"O king! The appearance of the dead does not look like this. O hero, the annihilator of enemies! He is all with his life. Do not worry. The repeatedly beating heart with the signs of breath of Lakshmana, lying on the earth's surface, fast asleep, with his limbs relaxed are telling it, O the gallant prince!"
"Proceeding from this place with full speed, O gentle one!, to the mountain called Oushadhi (Mahodaya), which was already described to you previously by Jambavan, O brave one! Bring here for restoring the great-souled and heroic Lakshmana to consciousness, the precious herb Vishalyakarani (1) by name which was sprung up on its southern peak, Savarnakarnani (2), Samjivakarani(3) and the precious herb, Samdhanakarani (4)."
(1) Vishalyakarani: A herb credited with the virtue of expelling an arrow /other weapons from the body, healing the wound and relieving pain. (2) Savarnakarani: Another herb supposed to possess the property of counteracting the discolouration caused by a wound, burns etc. and restoring the original colour of the skin. (3) Samjivakarani: Another herb believed to possess the virtue of bringing back an unconscious person to consciousness. (4) Samdhani: A herb credited with the property of joining a fractured bone.
Hearing those words, Hanuma, having sprung to Mount Oushadhi, could not identify those precious herbs and became thoughtful. The following thought arose to that Hanuma, whose strength was unlimited: "I will go back, taking this mountain-peak itself. By conjecture, I understand that the delightful herb must have sprouted in this mountain-peak. Sushena indeed has said so. If I go without taking Vishalyakarani, harm may come through passage of time and a great perplexity may arise."
Thinking thus, the mighty Hanuma the excellent of monkeys, having gone quickly and approaching that excellent mountain, taking that mountain-peak with his arms, shaking it violently for three times and uprooting the mountain-peak, which was endowed with many trees in bloom, lifted it up, so mighty as he was.
Taking that mountain-peak, which looked like a dark rainy cloud, that Hanuman jumped up into the sky. Arriving with a great speed, Hanuma putting down the mountain-peak and resting for a while, spoke the following words to Sushena: "O the excellent of monkeys! I have brought the entire mountain-peak, as I could not identify those herbs."
Eulogizing Hanuma, who was thus narrating his trip, Sushena, the excellent of monkeys, pulling out the herbs, took hold off them. All those monkey-chiefs and even the gods were surprised to see that most difficult feat of Hanuma.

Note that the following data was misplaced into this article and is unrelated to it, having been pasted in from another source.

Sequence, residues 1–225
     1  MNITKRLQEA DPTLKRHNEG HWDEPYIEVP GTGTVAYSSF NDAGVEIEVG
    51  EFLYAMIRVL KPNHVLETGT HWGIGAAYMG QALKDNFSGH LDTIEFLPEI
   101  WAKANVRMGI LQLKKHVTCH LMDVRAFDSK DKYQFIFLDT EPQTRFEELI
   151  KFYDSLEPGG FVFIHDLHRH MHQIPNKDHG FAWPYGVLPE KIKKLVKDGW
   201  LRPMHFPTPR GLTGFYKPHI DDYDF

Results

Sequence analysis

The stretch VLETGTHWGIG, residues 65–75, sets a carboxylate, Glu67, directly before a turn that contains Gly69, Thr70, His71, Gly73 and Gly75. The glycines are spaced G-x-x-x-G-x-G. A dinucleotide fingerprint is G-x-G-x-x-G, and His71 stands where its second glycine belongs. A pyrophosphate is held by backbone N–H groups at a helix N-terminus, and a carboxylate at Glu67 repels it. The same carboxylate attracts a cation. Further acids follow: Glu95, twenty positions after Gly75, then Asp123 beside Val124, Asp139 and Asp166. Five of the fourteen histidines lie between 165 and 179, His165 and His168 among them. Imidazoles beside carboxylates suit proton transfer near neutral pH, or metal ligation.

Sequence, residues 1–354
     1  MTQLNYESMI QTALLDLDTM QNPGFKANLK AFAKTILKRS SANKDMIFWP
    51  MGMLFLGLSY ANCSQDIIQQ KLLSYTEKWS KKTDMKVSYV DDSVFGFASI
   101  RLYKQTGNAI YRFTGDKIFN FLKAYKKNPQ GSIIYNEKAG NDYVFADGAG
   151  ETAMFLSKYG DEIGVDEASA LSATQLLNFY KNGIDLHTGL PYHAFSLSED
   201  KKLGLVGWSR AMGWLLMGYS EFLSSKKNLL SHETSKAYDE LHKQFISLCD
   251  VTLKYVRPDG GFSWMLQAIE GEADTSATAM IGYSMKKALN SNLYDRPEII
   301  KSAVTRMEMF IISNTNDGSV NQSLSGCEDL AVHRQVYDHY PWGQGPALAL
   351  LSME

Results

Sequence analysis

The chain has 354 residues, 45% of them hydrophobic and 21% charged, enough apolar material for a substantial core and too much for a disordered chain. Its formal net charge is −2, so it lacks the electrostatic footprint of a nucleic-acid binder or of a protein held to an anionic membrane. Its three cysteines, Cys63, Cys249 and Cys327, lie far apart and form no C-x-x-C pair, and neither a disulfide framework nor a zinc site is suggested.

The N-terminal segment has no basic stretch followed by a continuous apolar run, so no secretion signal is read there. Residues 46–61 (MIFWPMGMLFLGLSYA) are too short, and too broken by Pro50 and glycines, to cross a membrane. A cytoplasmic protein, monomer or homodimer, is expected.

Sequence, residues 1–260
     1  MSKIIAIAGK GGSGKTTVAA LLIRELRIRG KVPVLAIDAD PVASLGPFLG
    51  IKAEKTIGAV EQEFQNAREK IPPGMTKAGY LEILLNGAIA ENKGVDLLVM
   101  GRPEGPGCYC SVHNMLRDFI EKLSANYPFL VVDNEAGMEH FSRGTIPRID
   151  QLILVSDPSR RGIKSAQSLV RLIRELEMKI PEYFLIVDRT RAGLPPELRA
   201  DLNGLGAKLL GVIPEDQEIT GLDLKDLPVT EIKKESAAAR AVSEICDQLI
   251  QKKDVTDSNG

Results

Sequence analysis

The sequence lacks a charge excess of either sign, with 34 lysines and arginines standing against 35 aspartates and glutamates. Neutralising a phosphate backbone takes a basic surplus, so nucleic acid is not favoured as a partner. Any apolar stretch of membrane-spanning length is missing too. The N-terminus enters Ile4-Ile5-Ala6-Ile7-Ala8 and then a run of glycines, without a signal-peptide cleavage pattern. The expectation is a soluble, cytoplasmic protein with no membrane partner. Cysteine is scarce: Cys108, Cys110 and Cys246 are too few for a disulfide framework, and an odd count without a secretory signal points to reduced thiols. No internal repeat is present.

Then, crushing that herb, Sushena the excellent of monkeys, having a great splendour, administered it through Lakshmana's nose. Duly inhaling it well, that Lakshmana, the annihilator of adversaries, having the spear lodged in his body, raised quickly from the earth's surface rid as he was of the spear and his pain.
After embracing Lakshmana, Rama then said to him: "Luckily, O valiant one, I see you here, returned from death. There is no purpose of mine, by me own life nor of Seetha nor of victory. If you have attained demise, tell me what significance is there for it to me?"
While the great souled Rama was speaking thus, the exhausted Lakshmana, in a feeble tone, spoke the following words: "Having solemnly taken that pledge (of killing Ravana) before, O brother true to your promise, you ought not to speak as you have done like a weak and courageless man. Those who speak the truth never render their promise futile. Fulfilling their pledge is the indeed the attribute of the greatness."
"O the faultless one! Getting into homelessness for my sake is not befitting of you. Fulfill your promise now, by killing Ravana. An enemy, who falls victim to your arrows, cannot turn out alive, as a huge elephant which gets into the path of a roaring lion possessing terrible tusks."
"I, for my part, wish to see the death of this evil-minded fellow instantly, even before this sun, having finished his task, does not sink below the horizon. O venerable hero! If you wish to kill Ravana in battle, if you wish to fulfill your promise and if you feel affectionate towards Seetha, do as I tell you soon and now."
Thus, this is the 101st chapter in Yuddha Kanda of Valmiki Ramayana, the First Epic poem of India.
© May 2009, K. M. K. Murthy